for that concern.  He suggested that seeing that the budget                   
 decrease was the responsibility of the legislature and trying to              
 come up with solutions towards that goal is everyones job.  He                
 recommended passage of the bill out of committee.                             
 CHAIR JAMES mentioned her amendment for HB 270, version A/1, which            
 she prepared at the request of people from Kodiak.  It was her                
 understanding that the Administration had no problem with this                
 amendment.  She asked that the representatives from the                       
 Administration address this amendment, as well as the bill, when              
 making their presentation.                                                    
 Number 430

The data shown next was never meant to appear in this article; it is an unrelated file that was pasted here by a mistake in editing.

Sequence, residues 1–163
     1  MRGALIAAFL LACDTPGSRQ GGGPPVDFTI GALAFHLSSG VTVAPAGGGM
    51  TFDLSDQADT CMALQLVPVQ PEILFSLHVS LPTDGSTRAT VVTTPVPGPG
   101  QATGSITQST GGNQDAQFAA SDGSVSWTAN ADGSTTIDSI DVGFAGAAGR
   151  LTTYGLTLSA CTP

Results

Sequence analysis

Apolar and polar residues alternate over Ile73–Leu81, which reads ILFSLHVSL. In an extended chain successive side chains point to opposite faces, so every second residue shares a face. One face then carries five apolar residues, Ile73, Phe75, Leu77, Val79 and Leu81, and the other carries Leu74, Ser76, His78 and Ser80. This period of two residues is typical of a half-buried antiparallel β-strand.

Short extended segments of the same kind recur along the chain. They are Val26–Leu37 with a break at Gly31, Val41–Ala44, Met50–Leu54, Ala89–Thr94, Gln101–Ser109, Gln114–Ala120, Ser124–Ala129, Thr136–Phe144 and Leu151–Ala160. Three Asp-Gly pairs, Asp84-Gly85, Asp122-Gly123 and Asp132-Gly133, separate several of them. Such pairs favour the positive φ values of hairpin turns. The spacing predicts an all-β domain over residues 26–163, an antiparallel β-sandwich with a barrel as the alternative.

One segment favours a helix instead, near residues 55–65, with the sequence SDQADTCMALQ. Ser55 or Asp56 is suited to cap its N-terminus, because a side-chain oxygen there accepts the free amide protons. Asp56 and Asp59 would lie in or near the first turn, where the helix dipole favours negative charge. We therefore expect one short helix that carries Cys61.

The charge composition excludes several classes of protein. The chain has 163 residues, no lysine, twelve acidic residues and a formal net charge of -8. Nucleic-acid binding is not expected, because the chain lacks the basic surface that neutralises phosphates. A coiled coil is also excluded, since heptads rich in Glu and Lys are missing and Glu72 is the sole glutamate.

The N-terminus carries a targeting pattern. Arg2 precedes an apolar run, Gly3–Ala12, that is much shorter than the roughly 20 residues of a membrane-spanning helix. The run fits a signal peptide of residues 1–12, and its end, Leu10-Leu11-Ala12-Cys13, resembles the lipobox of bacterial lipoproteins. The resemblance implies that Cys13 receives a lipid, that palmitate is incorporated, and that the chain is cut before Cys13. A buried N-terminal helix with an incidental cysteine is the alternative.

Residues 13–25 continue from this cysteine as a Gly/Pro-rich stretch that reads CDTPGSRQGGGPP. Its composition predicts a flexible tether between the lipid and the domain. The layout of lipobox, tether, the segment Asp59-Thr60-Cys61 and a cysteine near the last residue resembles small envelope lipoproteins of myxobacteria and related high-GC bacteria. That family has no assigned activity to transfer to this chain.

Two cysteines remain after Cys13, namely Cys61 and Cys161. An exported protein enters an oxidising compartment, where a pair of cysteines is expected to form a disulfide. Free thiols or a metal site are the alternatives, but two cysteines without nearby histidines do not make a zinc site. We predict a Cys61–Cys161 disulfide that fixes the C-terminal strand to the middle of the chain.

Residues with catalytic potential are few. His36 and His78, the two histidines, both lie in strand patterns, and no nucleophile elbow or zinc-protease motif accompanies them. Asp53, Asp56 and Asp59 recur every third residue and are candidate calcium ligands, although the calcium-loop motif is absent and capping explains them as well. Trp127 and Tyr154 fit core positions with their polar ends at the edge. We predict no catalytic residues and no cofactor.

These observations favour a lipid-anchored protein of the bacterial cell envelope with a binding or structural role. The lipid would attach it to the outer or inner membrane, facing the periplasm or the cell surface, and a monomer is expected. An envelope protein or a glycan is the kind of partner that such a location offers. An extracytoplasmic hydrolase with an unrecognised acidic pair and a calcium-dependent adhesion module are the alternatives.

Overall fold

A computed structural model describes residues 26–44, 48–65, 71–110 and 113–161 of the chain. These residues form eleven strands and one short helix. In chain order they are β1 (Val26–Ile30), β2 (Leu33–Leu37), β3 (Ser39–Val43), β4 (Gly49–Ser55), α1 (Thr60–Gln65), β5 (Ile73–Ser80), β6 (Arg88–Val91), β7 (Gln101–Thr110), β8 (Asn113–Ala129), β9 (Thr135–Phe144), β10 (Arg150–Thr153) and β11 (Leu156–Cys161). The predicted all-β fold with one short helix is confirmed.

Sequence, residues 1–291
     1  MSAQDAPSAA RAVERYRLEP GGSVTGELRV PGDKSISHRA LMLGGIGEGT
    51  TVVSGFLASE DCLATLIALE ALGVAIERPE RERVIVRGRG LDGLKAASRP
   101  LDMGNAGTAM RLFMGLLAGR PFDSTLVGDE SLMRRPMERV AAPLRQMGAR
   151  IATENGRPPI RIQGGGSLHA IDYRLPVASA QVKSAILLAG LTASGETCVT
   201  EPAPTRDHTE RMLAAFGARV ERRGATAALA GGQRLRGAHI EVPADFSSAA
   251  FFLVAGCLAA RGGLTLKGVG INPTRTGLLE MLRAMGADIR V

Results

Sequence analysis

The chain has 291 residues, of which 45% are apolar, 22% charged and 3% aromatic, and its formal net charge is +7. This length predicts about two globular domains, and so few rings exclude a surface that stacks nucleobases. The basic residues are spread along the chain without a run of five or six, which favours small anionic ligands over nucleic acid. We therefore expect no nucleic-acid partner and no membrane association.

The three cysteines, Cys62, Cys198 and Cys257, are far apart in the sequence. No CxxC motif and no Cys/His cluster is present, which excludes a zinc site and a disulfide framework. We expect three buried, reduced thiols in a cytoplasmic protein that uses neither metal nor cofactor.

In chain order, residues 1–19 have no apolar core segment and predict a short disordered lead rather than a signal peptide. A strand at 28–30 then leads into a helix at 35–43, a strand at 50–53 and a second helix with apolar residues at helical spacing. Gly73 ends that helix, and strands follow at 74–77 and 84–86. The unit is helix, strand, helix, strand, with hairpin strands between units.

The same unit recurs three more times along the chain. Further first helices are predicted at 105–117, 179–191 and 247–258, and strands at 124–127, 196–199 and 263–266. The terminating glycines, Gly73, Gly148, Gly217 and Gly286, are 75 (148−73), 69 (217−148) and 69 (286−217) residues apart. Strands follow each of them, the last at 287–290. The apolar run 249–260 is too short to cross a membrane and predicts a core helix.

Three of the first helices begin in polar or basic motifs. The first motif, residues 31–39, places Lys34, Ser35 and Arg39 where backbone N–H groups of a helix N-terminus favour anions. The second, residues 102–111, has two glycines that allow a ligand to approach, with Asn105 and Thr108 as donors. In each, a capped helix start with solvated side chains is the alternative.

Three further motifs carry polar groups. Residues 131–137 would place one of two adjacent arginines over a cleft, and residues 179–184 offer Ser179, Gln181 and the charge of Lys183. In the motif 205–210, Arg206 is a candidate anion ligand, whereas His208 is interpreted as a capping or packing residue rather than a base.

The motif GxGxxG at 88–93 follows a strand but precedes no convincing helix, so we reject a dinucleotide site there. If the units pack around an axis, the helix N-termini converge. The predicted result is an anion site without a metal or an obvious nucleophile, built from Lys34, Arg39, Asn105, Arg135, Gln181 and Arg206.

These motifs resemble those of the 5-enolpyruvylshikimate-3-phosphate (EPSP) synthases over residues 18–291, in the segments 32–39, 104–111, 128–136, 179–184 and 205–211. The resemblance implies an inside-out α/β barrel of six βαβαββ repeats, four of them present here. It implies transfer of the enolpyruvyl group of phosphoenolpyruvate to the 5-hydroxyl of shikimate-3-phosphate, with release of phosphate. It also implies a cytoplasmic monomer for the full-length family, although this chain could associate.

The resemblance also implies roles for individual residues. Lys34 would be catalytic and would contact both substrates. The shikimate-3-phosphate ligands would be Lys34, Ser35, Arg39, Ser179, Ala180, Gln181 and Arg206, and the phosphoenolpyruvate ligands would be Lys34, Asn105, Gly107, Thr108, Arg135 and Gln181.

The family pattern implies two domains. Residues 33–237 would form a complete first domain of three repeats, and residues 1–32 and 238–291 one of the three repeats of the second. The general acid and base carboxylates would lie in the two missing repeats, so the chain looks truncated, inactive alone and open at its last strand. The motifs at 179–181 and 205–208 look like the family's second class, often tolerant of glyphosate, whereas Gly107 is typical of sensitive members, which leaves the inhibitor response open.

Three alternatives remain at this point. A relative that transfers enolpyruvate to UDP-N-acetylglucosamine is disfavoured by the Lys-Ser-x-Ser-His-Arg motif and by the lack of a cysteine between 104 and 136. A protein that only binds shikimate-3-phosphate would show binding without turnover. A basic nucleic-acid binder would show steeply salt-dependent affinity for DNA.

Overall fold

BOB STALNAKER, Director, Division of Retirement Benefits,                     
 Department of Administration, stated that having reviewed the                 
 proposed amendment, their concern was of timing and being able to             
 meet the needs of employers as they set these time frames.  He                
 thought this amendment would accommodate these concerns.  He stated           
 he had some suggestions regarding the dates proposed in the                   
 amendment, which would make it more likely that the Administration            
 could respond appropriately to employers as they set these dates.             
 On the amended portion of the bill, on page 8, he suggested that              
 the date be changed from October 1 to October 31, because under               
 Alaskas retirement statutes, a person is appointed to retirement              
 the first day of the month following their application.  Thus, by             
 setting the date of October 1, the individual would have to wait a